Friday, March 30, 2012

Leaders say Highway 12 is fiscal force Solano County should capture

By Sarah Rohrs/Times-Herald staff writer Published By Times Herald

FAIRFIELD - Worth an estimated $6.3 billion, Highway 12 is an economic giant whose power can and should be better harnessed, Solano County leaders said Thursday.
Usually known for its fatalities and gridlock, Highway 12 can be something more for the local economy, numerous speakers said during a Solano Economic Development Corporation breakfast in Fairfield.

Instead, Highway 12, and its caravans of motorists, truckers and other drivers, represent untapped potential, speakers said.

Nearly 150 political and transportation leaders attended the breakfast at the Hilton Garden Inn to learn more.

The event focused on an economic study being done as part of a comprehensive examination of highway improvements needed between Interstate 80 in Fairfield and I-5 near Lodi.

Though a vital link between the San Joaquin Valley and the Bay Area, Highway 12 gets little notice from state and federal leaders, Solano County Supervisor Jim Spering and others said.

"Highway 12 is an orphan corridor, "Solano Transportation Authority Executive Director Daryl Halls said. He stressed that local leaders need to work together to make the road a high priority among those who control transportation dollars.

"You're going to have to decide if you want to adopt this corridor," Halls said.

A wider stretch between Fairfield and Lodi, safer intersections, and replacement of the Rio Vista Bridge are among items already identified as big needs, although no funding has been found yet.

The most visible improvements underway include the widening a 5.8-mile segment from two to four lanes between Red Top Road north of Vallejo to Highway 29 in Napa County.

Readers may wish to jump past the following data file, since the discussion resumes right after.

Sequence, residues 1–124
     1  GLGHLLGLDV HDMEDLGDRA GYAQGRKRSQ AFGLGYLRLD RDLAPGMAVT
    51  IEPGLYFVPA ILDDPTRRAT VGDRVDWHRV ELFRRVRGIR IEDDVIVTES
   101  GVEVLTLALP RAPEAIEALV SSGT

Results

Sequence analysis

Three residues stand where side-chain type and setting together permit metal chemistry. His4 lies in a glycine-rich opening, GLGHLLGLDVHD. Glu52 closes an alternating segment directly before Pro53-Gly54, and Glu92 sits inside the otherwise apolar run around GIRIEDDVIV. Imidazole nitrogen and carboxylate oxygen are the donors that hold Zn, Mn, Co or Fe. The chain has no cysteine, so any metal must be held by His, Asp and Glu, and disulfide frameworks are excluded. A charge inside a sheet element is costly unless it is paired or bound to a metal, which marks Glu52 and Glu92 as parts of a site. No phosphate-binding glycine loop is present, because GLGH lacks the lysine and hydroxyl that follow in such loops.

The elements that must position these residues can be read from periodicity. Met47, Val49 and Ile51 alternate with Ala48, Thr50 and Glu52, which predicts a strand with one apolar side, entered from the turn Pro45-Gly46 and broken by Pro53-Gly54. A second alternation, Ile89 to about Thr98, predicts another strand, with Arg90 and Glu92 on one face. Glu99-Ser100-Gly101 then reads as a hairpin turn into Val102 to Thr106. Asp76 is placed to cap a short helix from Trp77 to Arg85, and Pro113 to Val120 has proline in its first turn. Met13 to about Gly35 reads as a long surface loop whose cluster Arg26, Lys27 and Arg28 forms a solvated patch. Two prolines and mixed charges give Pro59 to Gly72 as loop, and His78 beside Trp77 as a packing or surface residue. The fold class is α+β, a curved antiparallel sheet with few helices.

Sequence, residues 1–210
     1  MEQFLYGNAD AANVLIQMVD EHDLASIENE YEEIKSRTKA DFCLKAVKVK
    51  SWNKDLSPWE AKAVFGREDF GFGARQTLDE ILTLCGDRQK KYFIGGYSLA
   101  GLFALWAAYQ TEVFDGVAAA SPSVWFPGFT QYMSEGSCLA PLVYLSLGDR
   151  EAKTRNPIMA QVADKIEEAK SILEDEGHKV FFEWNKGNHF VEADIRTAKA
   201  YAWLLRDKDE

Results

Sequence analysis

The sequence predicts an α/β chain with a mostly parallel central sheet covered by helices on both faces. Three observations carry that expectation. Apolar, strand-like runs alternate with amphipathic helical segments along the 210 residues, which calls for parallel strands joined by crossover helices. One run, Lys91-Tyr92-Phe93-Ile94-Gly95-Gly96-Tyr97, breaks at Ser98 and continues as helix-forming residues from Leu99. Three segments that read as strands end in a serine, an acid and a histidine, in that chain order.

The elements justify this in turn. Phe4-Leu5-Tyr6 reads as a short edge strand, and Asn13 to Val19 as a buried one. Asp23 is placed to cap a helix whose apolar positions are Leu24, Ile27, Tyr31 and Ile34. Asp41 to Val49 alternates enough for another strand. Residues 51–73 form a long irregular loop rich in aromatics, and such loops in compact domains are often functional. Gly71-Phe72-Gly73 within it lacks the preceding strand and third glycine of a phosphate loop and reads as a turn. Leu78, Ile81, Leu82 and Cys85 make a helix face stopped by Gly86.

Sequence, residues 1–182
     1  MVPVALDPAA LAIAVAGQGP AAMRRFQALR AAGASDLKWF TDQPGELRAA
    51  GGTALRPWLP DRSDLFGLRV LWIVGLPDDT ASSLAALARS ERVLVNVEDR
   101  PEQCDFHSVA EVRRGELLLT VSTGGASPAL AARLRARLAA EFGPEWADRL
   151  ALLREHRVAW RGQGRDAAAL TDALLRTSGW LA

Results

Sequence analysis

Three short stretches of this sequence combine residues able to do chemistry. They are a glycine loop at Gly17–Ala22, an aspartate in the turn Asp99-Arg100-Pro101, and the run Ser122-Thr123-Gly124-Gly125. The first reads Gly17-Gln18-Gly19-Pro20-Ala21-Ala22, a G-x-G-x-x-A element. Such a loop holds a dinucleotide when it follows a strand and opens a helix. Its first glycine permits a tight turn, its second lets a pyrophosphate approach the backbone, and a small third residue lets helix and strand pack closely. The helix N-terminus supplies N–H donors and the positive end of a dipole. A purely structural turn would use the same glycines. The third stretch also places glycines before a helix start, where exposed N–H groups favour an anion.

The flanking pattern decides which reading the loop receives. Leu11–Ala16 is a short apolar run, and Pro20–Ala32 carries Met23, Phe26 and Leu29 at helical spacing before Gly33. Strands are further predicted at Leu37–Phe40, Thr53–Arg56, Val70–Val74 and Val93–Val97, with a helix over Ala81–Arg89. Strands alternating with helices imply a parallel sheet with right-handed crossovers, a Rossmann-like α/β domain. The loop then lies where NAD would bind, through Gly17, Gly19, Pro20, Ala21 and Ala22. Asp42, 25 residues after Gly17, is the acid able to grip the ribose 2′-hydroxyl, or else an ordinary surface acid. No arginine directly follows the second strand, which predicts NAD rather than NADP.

The current study does not include Vallejo. However, the largest city in the county's southern part benefits from Highway 12 and will be part of the broader perspective of the road's impact, Halls said.
Meanwhile, Spering said that as more highway improvements are tackled, transportation and political leaders only have one chance to maximize investments of public money. "Doing it right the first time is very important," Spering said.

Meanwhile, Economic consultant Robert Fountain of Benicia said the Highway 12 corridor represents a lot of dollar signs. His study will be done to help inform transportation planners on needed improvements.

Major industries along the corridor include manufacturing, worth nearly $2.1 billion; and government services, worth $1.3 billion.

Nearly one-fourth of the people on Highway 12 stem from households, while manufacturing industries account for 21.4 percent of the traffic, Fountain said.

Due out in about a month, Fountain's study will look at cities' economies along Highway 12 and how they could be improved.

Those interested in participating in the economic planning efforts can go to and click on "Highway 12" to take a survey.

Contact staff writer Sarah Rohrs at or (707) 553-6832. Follow her on Twitter@SarahVTH